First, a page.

Brilliant Exercise

Casey HenryOne of my students has been having right hand trouble lately. At first she thought it was a right hand position problem, so for months she worked on changing her hand position to one that would enable her to play smoothly. As the problem continued, though, we gradually realized it was not a position problem but a physiological one. She went to a chiropractor who discovered she had a pinched nerve in her neck that was causing the lack of control she was experiencing in her right hand. Since it takes months for that kind of thing to be treated, we were looking for alternative things to do until she sees physical improvement.

One of the ideas she had was to use a flatpick instead of fingerpicks. I was heartily in support of this idea. I have heard a banjo flatpicked Scruggs-style (by none other than David McLaughlin) and it sounds strangely cool. Two weeks ago I gave her a flatpick and we went through the rolls and a few of the beginning tunes ("Banjo in the Hollow", "Cripple Creek", "Foggy Mtn. Breakdown"). When she came back the next week she was playing with ease, albeit slowly. The strings on a banjo are pretty far apart compared to other instruments regularly played with a flatpick.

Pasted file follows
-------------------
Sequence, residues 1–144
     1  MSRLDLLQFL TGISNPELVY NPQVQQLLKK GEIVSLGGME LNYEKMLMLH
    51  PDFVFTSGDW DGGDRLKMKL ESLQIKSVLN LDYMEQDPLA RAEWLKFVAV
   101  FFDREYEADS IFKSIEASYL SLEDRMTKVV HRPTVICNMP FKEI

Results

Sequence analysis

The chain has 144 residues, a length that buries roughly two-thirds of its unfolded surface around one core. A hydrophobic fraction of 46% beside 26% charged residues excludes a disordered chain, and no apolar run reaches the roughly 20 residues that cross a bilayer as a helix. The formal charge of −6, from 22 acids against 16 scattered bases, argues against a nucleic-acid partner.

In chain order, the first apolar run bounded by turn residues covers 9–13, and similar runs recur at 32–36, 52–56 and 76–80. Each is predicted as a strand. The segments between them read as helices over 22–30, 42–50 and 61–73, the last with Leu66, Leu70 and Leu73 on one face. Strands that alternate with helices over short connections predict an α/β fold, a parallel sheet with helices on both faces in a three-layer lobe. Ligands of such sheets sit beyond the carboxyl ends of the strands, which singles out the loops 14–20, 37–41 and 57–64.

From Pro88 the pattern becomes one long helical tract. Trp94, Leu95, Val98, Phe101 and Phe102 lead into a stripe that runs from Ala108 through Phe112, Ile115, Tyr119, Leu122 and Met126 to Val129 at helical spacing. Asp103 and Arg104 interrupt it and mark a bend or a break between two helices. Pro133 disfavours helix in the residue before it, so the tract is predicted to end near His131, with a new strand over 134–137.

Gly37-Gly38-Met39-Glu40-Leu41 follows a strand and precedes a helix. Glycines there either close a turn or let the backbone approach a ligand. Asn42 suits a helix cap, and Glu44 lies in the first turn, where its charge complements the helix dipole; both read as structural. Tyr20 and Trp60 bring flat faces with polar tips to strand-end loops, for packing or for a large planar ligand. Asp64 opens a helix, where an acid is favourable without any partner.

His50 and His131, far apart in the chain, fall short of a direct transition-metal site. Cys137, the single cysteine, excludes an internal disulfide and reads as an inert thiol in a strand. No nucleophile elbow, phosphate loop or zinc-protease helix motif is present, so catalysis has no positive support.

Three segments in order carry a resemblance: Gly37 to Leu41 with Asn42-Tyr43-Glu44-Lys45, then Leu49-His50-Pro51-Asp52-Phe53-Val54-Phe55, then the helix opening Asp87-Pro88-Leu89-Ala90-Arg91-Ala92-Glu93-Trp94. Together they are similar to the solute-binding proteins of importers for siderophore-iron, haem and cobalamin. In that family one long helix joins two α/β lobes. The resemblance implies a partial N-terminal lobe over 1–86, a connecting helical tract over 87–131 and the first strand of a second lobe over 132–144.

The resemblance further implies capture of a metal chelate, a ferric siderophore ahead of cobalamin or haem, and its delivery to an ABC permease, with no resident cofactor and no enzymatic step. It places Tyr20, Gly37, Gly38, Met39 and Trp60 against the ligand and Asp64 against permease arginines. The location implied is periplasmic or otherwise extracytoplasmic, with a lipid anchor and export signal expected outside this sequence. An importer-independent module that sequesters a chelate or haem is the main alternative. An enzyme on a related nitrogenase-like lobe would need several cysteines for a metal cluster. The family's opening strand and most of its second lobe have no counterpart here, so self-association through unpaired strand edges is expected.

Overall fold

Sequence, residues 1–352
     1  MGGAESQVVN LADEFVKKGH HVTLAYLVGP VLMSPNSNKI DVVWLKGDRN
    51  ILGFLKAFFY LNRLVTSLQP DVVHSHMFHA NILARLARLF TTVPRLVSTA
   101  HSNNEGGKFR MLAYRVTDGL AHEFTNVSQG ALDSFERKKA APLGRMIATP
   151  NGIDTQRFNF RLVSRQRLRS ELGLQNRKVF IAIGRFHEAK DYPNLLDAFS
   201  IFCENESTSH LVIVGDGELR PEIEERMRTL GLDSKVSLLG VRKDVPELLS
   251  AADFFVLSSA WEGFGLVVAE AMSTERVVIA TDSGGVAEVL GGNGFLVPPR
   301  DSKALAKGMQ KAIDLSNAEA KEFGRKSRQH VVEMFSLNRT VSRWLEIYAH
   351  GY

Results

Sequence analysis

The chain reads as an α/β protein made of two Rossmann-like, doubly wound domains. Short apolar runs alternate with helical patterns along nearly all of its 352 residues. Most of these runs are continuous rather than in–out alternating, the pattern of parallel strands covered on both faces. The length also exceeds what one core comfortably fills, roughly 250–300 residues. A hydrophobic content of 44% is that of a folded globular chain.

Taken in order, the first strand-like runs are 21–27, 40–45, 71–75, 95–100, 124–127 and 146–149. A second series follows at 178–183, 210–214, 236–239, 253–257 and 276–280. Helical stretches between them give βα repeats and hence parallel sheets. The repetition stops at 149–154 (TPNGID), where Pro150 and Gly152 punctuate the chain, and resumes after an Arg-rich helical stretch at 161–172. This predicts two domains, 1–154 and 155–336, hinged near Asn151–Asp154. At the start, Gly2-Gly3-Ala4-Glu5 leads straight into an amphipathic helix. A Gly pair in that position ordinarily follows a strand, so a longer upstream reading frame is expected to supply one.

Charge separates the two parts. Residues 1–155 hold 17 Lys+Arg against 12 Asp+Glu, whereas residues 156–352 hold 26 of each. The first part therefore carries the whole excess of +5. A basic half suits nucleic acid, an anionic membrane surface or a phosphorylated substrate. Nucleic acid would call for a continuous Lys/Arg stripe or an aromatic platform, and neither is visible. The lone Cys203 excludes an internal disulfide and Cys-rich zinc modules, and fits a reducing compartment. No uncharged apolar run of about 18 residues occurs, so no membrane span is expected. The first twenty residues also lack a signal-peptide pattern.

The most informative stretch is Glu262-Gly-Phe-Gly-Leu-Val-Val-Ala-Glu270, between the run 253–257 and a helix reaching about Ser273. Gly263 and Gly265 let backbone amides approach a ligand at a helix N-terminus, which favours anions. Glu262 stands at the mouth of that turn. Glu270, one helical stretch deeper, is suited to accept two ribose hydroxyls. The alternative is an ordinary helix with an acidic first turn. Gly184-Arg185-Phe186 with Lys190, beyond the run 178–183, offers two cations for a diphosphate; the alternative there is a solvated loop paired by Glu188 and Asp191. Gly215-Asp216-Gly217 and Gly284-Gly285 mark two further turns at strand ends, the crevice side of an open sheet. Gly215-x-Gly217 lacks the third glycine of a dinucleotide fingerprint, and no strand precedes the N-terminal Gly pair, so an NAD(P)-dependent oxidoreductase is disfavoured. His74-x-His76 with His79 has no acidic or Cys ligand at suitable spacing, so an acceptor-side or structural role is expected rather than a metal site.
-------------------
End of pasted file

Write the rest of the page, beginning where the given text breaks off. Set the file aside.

I realized that this would be a brilliant exercise for any student. You have to know your rolls cold in order to play all the same notes with a flatpick as you do with your fingerpicks. Try it. Play through "Banjo in the Hollow" with a flatpick (or your whatever your easiest song is) and see if you can do it. It sounds pretty neat and is a brilliant brain exercise.

3 thoughts on “Brilliant Exercise

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  2. Susan Morrison

    Do you pick down and up or just down. Being a guitar player, I would think that you would pick, say the B string (2nd) down and the D string (1st) up in order to get any speed at all. Please explain. Thanks. Susan

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